THE EFFECT OF CAPILLARY-PRESSURE HEAD ON COLLOID MASS FLUX FROM VARIABLY SATURATED SOIL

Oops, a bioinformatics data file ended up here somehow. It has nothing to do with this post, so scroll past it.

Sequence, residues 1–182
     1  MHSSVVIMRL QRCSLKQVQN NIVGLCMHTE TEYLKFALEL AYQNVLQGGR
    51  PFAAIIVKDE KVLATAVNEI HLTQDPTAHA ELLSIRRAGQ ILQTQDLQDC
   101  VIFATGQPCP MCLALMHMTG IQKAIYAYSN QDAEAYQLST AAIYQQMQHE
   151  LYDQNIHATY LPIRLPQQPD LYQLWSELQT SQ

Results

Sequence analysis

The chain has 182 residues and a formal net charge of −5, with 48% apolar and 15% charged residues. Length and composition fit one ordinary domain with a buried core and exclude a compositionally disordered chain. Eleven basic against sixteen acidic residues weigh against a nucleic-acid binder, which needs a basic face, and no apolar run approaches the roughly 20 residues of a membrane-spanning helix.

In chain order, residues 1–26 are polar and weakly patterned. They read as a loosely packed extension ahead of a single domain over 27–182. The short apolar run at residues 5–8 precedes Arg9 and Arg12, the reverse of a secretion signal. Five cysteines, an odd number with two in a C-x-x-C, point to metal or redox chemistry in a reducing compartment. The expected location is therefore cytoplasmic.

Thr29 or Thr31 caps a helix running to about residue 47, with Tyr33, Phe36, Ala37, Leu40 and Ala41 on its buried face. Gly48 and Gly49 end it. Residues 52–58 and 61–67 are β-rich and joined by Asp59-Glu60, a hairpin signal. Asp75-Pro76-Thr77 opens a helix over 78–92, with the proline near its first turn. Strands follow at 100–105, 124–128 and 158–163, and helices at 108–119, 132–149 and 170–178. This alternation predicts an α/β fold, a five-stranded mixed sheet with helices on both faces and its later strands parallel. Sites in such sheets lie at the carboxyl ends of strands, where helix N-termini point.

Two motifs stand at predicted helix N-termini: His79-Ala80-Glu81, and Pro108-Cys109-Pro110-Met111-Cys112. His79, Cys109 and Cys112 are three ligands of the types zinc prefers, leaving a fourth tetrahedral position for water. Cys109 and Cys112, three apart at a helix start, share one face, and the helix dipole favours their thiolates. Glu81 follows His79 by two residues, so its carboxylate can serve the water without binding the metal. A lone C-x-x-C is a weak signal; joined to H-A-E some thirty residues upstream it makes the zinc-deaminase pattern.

Colloids may transport contaminants through unsaturated soils to the groundwater. Both transient hydrological events and sustained, steady water fluxes are associated with colloid release. We examined the controls on colloid mobilization from an intact, unsaturated soil core (20 cm diameter, 23 cm length) during steady flow conditions. We collected the core from an agricultural field in the Shenandoah Valley near Harrisonburg, VA where soils contain 26% clay (predominantly illite and kaolinite) and infiltration occurs only at capillary-pressure heads (Y) above -20 cm. We measured the colloid-mass flux from the base of the core during consecutive, 1.5-month periods (P1, P2, and P3) distinguished by capillary-pressure heads (YB) of -18.5, -11.5, and -18.5 cm, respectively. Mass fluxes generally were less than 0.3 mg h-1 but approached 1 mg h-1 for brief intervals. Mean mass fluxes were 0.0886, 0.197, and 0.171 mg h-1 for P1, P2, and P3, respectively. Fluxes peaked immediately afterYB increased from -18.5 cm to -11.5 cm. The decrease in YB from -11.5 cm to -18.5 cm also induced an ephemeral increase in mass flux. Increases in fluxes following each change in YB suggest that flow transients associated with capillary-pressure changes enhanced colloid mobilization, but that a quasi-steady mobilization rate was attained shortly thereafter. Intervention analysis, used to measure changes in mass flux, showed a significant increase in mass flux of 0.079 mg h-1 for the increase inYB from -18.5 cm to -11.5 cm and a significant decrease in mass flux of 0.050 mg h-1 for the decrease inYB from -11.5 cm to -18.5 cm. Relative errors in parameter estimates of the intervention function generally were less than 10%. We used a constant volumetric flow rate but differing YB and observed higher colloid concentrations at higher YB. We hypothesized that either shear mobilization due to increased porewater velocities or the number of pores through which water flows limited mass fluxes. If a velocity mechanism were of overpowering importance, a lower YB would dictate higher effluent concentrations because the total flow would occur through fewer pores resulting in higher porewater velocities. Thus, colloid release most likely is controlled by a diffusion-limited colloid supply mechanism dependent upon the number of pores contributing to flow.